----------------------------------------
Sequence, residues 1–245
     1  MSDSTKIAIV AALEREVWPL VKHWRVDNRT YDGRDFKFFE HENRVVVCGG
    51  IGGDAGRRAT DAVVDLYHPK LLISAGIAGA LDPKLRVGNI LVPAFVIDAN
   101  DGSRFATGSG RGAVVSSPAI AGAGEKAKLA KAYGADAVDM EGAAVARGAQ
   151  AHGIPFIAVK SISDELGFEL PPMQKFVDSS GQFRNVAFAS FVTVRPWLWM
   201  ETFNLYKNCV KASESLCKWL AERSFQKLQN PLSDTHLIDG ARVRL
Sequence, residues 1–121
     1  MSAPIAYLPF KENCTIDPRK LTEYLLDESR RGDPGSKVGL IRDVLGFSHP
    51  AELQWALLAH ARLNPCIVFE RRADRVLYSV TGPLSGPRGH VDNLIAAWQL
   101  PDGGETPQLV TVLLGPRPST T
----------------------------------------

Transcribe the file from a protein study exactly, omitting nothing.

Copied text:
Sequence, residues 1–245
     1  MSDSTKIAIV AALEREVWPL VKHWRVDNRT YDGRDFKFFE HENRVVVCGG
    51  IGGDAGRRAT DAVVDLYHPK LLISAGIAGA LDPKLRVGNI LVPAFVIDAN
   101  DGSRFATGSG RGAVVSSPAI AGAGEKAKLA KAYGADAVDM EGAAVARGAQ
   151  AHGIPFIAVK SISDELGFEL PPMQKFVDSS GQFRNVAFAS FVTVRPWLWM
   201  ETFNLYKNCV KASESLCKWL AERSFQKLQN PLSDTHLIDG ARVRL
Sequence, residues 1–121
     1  MSAPIAYLPF KENCTIDPRK LTEYLLDESR RGDPGSKVGL IRDVLGFSHP
    51  AELQWALLAH ARLNPCIVFE RRADRVLYSV TGPLSGPRGH VDNLIAAWQL
   101  PDGGETPQLV TVLLGPRPST T